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We've consistently been impressed by Logitech's speaker docks, and in the abstract, the audio from this one feels like a credible addition to this tradition.
There's detail across most of the spectrum (the oft-neglected midrange is especially nice, for example), some nice hefty bass, no more lack of stereo separation than we're used to with all-in-one docks, and a general feeling that you're in pretty good hands here.
Note, however, the weaselly language and caveats in that last sentence. There is little actually wrong with the audio from the Logitech UE Air Speaker, and heard in isolation it certainly delights. But there are two problems: put it next to the Altec Lansing inAir 5000, say - a speaker that costs around £100 more, we admit - or the non-AirPlay Philips Fidelio DS9010, and it feels less warm, less welcoming, and frankly less assured.
The second problem is that while we'd be raving about this performance from a speaker that cost £150/$200, with even online retailers asking for twice that as we write, we just feel unmoved. What's more, the low-end drops away at low volumes.
Again, it's competent, pleasant and, in isolation, even excellent, but it lacks the rich, unctuous tones of the inAir 5000 and the sheer unflappable gusto of the Fidelio DS9010.
It's the same thing with the build quality and design touches. The shiny black plastic and nylon-like mesh wouldn't feel out of place on that budget dock we're picturing in our heads, but it does feel a mite cheap here.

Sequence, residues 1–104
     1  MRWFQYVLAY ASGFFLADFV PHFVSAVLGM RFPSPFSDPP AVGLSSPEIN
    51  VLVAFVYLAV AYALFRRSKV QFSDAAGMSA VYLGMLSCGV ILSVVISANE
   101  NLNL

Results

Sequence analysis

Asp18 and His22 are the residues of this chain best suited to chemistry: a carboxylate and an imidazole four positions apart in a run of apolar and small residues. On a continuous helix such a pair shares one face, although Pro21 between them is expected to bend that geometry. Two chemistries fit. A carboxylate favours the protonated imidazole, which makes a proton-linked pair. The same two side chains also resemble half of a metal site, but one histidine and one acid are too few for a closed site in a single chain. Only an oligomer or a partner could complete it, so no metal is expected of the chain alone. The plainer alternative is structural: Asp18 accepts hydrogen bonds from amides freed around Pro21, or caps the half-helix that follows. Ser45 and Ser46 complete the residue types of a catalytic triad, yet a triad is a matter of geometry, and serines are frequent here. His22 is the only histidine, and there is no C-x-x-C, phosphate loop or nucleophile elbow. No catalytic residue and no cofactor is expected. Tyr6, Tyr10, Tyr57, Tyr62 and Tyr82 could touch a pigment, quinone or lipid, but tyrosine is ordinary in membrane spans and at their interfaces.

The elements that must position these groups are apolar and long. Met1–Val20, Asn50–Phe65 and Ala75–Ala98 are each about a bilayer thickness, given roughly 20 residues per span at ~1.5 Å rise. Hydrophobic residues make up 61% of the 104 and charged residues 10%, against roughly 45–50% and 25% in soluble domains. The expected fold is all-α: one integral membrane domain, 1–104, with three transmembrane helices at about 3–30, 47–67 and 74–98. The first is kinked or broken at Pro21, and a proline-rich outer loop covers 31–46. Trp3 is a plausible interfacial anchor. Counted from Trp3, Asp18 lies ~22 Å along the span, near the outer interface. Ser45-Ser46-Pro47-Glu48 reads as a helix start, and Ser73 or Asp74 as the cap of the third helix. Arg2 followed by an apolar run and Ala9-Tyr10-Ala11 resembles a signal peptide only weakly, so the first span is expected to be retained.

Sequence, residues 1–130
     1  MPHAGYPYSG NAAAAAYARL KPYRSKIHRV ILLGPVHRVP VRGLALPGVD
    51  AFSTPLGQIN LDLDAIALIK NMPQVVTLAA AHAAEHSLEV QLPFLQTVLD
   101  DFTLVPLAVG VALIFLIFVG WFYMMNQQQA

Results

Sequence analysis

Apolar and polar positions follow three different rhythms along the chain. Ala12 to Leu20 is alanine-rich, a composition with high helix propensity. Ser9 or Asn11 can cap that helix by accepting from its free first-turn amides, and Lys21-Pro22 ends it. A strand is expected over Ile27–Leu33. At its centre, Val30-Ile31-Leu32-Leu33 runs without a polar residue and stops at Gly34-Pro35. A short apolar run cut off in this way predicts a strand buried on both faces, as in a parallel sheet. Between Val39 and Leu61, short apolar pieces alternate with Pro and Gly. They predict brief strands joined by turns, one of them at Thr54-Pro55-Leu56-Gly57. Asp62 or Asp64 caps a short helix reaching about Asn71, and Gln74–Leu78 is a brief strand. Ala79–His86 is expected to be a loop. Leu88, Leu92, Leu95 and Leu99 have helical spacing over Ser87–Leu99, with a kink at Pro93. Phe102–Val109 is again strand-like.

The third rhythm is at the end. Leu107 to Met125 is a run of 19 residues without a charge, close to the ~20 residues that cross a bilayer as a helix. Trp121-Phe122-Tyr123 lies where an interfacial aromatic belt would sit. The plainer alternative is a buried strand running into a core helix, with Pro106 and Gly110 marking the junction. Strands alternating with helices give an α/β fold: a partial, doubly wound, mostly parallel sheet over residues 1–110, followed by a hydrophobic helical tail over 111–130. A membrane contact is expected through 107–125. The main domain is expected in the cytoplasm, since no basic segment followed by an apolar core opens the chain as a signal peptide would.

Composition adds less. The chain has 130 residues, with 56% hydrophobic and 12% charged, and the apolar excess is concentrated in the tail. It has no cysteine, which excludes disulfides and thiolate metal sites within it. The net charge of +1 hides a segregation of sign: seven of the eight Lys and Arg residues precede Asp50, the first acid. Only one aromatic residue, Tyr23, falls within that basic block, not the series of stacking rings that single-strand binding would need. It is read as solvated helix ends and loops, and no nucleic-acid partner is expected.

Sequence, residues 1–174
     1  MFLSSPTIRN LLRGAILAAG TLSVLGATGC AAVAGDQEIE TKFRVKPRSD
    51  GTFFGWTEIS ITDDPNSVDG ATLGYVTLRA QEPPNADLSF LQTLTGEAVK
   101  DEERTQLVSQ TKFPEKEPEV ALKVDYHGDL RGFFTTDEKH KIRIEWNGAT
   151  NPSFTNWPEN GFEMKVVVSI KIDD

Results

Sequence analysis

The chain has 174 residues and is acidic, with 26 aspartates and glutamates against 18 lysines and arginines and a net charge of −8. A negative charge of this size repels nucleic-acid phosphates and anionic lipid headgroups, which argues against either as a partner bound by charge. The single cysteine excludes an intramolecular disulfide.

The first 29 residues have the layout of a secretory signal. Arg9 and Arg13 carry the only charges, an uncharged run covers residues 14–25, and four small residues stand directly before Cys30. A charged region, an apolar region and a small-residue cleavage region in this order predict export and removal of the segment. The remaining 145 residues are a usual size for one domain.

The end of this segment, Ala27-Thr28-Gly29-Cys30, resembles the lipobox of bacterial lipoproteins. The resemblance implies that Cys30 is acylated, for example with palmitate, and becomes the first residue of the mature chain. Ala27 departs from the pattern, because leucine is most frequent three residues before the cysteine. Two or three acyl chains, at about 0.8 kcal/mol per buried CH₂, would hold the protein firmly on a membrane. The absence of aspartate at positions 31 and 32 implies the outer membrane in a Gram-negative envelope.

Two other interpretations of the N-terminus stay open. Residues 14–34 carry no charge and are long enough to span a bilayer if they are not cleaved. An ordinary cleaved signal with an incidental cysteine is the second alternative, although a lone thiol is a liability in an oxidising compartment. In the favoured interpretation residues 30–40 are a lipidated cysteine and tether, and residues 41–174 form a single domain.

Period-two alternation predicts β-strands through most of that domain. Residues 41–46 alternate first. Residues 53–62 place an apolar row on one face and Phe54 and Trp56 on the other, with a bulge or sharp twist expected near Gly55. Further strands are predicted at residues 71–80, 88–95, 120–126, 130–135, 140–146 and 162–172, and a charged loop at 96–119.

And while we love that it has a pop-out dock for charging your iOS device - something many AirPlay speakers lack - there's a disappointing amount of travel both in its own slide-out mechanism and in a docked iPhone or, especially, iPad.
(Note too that if you have a non-iOS iPod or an original iPhone/iPod touch, you have to play audio through the 3.5mm jack in the back rather than using the dock.)
This lack of care makes itself apparent in other ways, as well.
There's a click-wheel on top for changing volume, for example, but not only are the volume jumps irritatingly coarse, its position isn't absolute; you crank it round and round either way to turn it up or down, so there's no visual or tactile feedback about what volume the speaker is set at.
You might think us dreadful old martinets to care about such things, but we think £299/$399 should buy you the right to be pretty damned demanding.
Ultimately, we are disappointed in the Logitech UE Air Speaker. This is, after all, not only Logitech's first AirPlay Speaker, but the first time that the well-regarded Ultimate Ears brand - the 'UE' bit in the name - that it bought in 2008 has been applied to a speaker dock.
There is nothing wrong with it that knocking a hundred off the price wouldn't fix, and if you find a store selling it for under £200/$300 before the end of 2012, it's worth picking up. That, though, is damming with faint praise.
It suffers, in other words, because we were so excited about it, and it failed to live up to what we had hoped for, having enjoyed listening to Logitech docks for years.
This is a good speaker. It is not a great speaker.
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